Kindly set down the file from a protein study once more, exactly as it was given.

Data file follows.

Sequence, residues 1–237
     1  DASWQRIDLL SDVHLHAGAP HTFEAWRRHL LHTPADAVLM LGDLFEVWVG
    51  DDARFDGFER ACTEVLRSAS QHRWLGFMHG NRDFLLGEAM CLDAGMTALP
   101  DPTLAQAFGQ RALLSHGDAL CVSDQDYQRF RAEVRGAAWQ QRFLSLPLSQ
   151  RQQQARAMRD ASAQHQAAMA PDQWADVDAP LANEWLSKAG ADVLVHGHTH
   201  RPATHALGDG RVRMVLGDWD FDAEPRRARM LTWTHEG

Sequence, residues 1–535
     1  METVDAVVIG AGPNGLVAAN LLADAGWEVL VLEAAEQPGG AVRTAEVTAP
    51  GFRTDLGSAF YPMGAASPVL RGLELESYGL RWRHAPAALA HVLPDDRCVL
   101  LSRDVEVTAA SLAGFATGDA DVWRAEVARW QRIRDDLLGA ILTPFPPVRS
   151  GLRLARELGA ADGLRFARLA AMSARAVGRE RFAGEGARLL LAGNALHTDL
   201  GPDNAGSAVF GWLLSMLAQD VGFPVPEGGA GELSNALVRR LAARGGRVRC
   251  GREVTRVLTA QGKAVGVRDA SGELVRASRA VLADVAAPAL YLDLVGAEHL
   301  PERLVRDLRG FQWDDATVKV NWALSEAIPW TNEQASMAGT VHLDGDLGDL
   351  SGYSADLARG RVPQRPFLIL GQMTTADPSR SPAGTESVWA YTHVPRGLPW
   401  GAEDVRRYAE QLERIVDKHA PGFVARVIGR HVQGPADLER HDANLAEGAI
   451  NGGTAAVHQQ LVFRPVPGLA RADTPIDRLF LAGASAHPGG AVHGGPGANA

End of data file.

Sequence, residues 1–237
     1  DASWQRIDLL SDVHLHAGAP HTFEAWRRHL LHTPADAVLM LGDLFEVWVG
    51  DDARFDGFER ACTEVLRSAS QHRWLGFMHG NRDFLLGEAM CLDAGMTALP
   101  DPTLAQAFGQ RALLSHGDAL CVSDQDYQRF RAEVRGAAWQ QRFLSLPLSQ
   151  RQQQARAMRD ASAQHQAAMA PDQWADVDAP LANEWLSKAG ADVLVHGHTH
   201  RPATHALGDG RVRMVLGDWD FDAEPRRARM LTWTHEG

Sequence, residues 1–535
     1  METVDAVVIG AGPNGLVAAN LLADAGWEVL VLEAAEQPGG AVRTAEVTAP
    51  GFRTDLGSAF YPMGAASPVL RGLELESYGL RWRHAPAALA HVLPDDRCVL
   101  LSRDVEVTAA SLAGFATGDA DVWRAEVARW QRIRDDLLGA ILTPFPPVRS
   151  GLRLARELGA ADGLRFARLA AMSARAVGRE RFAGEGARLL LAGNALHTDL
   201  GPDNAGSAVF GWLLSMLAQD VGFPVPEGGA GELSNALVRR LAARGGRVRC
   251  GREVTRVLTA QGKAVGVRDA SGELVRASRA VLADVAAPAL YLDLVGAEHL
   301  PERLVRDLRG FQWDDATVKV NWALSEAIPW TNEQASMAGT VHLDGDLGDL
   351  SGYSADLARG RVPQRPFLIL GQMTTADPSR SPAGTESVWA YTHVPRGLPW
   401  GAEDVRRYAE QLERIVDKHA PGFVARVIGR HVQGPADLER HDANLAEGAI
   451  NGGTAAVHQQ LVFRPVPGLA RADTPIDRLF LAGASAHPGG AVHGGPGANA